We all know the sensation: to connect to the internet is to feel yourself havinginstant access to humankind’s accumulated knowledge. Every major scientificdiscovery, every important work of culture, maps of everywhere. I can get asearch engine to provide me with thousands of references on any subject Ichoose. In that sense the internet does provide a democratization ofinformation.But the authorities, and commercial companies, also use it, trackinginformation about all the electronic traces we leave as we shop with a creditcard, book an airline ticket or cross a border. An essential capability for publicsecurity in a democracy, provided we have the rule of law and properoversight - not necessarily so benign in an authoritarian regime. So there willbe countries where this technology will not necessarily be empowering thepeople.The internet is the medium of choice for industrial scale leaking. But there willbe a downside. We risk the continued erosion of trust in society if we abandonthe importance of a duty of confidence, whether to the family, our employer orthe State.We have a law to protect whistleblowers, we have freedom of informationlegislation, and we have a media free to conduct investigative journalism. Butwe start with trust in privacy and keeping secrets - unless breakingconfidence really is judged necessary in the public interest. The test isgenuine public interest, not just selling newspapers because the public mightbe interested in the Wikileaks dump of diplomatic cables.Finally, access to the internet does not confer the power of wisdom. Theinternet is filled with misinformation, and downright wrong information. Thelargest consumers of broadband have been internet porn and on-line games,and now social media sites. The blogosphere reveals a world of old mediastories, conspiracy theories, celebrity froth and personal emotional rants. Theproblem is too much information. Serious people will still pay someone else todo the selecting - through listening to BBC Radio 4 perhaps, or going to arespected media website. So influence, if not power, will still rest back withthe opinion formers – a cheerful conclusion for media folk.
Transcript: Controlling Informationwww.chathamhouse.org.uk 3
Guy Herbert:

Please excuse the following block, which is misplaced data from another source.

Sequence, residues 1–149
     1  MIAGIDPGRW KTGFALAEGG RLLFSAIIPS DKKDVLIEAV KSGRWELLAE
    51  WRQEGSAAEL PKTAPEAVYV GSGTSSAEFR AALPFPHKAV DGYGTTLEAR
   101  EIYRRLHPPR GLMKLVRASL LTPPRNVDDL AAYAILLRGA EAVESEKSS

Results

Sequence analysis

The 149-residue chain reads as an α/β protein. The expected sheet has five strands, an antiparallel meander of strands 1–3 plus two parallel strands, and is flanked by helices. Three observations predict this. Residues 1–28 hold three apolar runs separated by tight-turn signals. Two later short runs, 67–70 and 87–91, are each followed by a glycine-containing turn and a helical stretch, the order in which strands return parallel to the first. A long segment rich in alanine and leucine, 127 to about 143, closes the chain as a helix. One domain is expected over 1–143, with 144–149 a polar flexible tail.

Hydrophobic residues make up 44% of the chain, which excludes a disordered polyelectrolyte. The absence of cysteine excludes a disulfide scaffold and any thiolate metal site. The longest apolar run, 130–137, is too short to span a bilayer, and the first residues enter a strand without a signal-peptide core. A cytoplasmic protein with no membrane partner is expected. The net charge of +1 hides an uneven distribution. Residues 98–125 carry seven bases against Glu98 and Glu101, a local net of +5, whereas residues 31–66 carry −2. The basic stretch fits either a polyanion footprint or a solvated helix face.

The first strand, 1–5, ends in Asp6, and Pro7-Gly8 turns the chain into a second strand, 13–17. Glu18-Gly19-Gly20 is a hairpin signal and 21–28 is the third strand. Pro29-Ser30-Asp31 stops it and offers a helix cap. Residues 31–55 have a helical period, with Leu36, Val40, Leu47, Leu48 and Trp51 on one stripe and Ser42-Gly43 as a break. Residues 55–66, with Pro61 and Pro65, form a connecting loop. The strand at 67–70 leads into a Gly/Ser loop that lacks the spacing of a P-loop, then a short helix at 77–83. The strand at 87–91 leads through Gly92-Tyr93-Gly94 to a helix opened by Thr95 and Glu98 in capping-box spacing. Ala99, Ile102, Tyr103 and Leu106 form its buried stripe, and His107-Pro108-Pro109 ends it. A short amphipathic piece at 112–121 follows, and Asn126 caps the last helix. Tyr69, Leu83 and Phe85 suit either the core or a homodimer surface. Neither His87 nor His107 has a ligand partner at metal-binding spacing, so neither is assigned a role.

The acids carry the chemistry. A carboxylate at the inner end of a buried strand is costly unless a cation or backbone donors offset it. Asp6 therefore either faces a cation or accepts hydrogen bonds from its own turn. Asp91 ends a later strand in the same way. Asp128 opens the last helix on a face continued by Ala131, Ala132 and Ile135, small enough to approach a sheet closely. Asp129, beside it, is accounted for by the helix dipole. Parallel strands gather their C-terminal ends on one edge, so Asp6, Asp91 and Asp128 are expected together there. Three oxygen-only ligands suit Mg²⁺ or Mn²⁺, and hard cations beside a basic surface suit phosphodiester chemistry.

Information about you is power over you, as every blackmailer, taxman, orvillage gossip knows.The web is a familiar face covering universal, flexible, networked computing.Information can be found, transmitted, matched and re-matched faster thanwe can grasp. That is changing the distribution of power, yes, but also itsnature and quantity.Our slow-grown social institutions - and our individual social brains - are notequipped to cope. The flux of power is not one way. But individuals seldomhave the capacity to use the new power. They are most likely prey to newpredators.Privacy and confidentiality aren’t well understood and aren’t well protected -either in law or moral status - because in the past they haven’t needed to be.Personal intuitions about sharing personal information - even our intuitionsabout what is personal - are formed by our sense of the limits of personalacquaintance. We have a feeling for the repeatability of conversation and theamount that we remember of what we see and hear. But we begin to live in aworld where nothing is forgotten, and what is passed on may reach anyone.States, on the other hand, have an appetite for information. Getting enoughwas always a problem. They gorge on data that they cannot contain, andcannot digest. The technology of the early 21st century is being grafted ontothe planning urges of a century before.Interpretation looks easier, because processing is easier: but it is reallyharder. More apparent detail is more temptation to intervene in detail - directlywith the person the state thinks it ‘knows’, not through mediating institutions.The database state does have more power than its predecessors. And is,though yet naively, more inclined to use it. If our habits and institutions do notevolve fast to constrain it, then individual liberty is at risk.